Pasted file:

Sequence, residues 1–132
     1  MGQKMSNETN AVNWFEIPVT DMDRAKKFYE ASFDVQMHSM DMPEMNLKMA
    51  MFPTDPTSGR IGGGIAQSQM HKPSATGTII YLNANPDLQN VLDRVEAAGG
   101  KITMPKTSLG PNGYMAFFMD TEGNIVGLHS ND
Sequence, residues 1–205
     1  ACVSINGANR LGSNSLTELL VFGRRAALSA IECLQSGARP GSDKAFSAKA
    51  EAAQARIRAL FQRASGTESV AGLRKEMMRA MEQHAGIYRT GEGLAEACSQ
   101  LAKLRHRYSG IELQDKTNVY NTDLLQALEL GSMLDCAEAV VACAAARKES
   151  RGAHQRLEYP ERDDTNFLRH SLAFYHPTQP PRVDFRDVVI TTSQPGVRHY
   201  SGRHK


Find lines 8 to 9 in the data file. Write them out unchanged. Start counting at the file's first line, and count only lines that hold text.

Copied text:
   101  LAKLRHRYSG IELQDKTNVY NTDLLQALEL GSMLDCAEAV VACAAARKES
   151  RGAHQRLEYP ERDDTNFLRH SLAFYHPTQP PRVDFRDVVI TTSQPGVRHY